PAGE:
There is no looming shortage of water, here, elsewhere in the arid West, or for that matter, anywhere -- rather, there is simply a prevailing or looming shortage of cheap, throw-away water.One can always obtain any amount of water for which he is willing to pay the cost of production and transportation.
If the water rates here in Payson for new- and recent-comers (that is, new and recent developments) were to be adjusted to the level required to finance the supply of the new water required (which could be quite a lot), the demand for new water and for new developments will quickly adjust itself to the reality existing at the time -- and so will water technology. New water will gradually become cheaper.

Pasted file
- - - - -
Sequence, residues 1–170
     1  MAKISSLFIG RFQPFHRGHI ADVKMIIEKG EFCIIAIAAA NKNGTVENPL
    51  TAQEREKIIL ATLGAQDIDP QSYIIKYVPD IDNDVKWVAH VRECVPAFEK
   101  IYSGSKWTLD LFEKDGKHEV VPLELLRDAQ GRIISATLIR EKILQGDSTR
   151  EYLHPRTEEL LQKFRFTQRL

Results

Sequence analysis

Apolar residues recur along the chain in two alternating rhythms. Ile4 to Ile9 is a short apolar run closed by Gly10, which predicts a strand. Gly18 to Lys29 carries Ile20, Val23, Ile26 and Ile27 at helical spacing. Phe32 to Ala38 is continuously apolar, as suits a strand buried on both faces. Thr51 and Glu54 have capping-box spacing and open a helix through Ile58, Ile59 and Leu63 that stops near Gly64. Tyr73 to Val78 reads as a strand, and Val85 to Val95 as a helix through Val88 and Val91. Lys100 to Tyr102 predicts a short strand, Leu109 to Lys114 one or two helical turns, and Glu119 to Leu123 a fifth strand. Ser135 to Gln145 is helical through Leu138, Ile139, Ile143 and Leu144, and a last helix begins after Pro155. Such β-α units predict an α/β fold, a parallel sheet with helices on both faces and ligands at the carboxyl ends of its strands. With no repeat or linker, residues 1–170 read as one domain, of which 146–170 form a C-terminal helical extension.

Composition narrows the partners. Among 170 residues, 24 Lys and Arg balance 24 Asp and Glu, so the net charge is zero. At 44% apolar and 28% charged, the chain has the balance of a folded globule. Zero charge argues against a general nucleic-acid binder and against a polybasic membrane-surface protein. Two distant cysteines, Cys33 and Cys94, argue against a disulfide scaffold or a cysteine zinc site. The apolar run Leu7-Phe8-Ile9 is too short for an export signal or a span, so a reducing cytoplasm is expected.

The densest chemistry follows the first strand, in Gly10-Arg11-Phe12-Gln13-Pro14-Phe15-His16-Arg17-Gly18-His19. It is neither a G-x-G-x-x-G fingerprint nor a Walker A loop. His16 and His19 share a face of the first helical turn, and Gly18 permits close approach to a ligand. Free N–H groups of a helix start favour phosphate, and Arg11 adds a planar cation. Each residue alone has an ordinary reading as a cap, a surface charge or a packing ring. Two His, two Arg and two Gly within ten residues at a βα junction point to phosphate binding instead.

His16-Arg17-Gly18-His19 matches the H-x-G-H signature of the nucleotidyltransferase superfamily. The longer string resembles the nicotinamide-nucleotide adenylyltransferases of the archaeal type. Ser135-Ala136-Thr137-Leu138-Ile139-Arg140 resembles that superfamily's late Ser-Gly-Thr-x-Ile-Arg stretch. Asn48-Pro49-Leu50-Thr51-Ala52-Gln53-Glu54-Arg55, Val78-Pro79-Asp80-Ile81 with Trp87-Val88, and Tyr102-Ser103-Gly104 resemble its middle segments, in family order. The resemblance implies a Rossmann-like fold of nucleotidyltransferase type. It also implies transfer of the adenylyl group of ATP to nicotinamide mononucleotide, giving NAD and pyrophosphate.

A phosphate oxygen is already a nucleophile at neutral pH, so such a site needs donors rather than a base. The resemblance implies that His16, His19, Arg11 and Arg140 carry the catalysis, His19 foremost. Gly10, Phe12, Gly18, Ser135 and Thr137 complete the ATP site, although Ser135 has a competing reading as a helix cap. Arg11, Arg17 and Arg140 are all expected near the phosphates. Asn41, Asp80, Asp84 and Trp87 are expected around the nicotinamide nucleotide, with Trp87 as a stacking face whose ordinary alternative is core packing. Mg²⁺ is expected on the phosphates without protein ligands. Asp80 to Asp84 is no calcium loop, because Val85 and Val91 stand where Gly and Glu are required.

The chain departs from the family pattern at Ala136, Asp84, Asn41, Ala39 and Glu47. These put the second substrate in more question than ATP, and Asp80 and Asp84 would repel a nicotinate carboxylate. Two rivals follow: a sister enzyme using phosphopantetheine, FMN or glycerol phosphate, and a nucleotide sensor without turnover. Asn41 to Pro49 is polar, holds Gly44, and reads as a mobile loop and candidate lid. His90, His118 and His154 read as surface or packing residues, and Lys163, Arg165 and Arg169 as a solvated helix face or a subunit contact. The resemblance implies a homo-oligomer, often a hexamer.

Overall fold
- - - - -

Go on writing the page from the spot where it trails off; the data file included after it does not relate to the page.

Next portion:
The last I heard, this sort of economic relationship was called "The Law of Supply and Demand," a venerable old concept being totally ignored by our water politicos, developer types and apparently by many of those who call themselves conservatives.
It is the only equitable way to control (not stop) growth here or anywhere else in the relatively dry West.
It is a process of gradual adjustment and accommodation rather than one based on a never-ending series of crises usually marked by a lot of money-motivated political bullying as in the present instance.
Just what part of the "Law" is not being grasped out there?
Allen N. Wollscheidt, Payson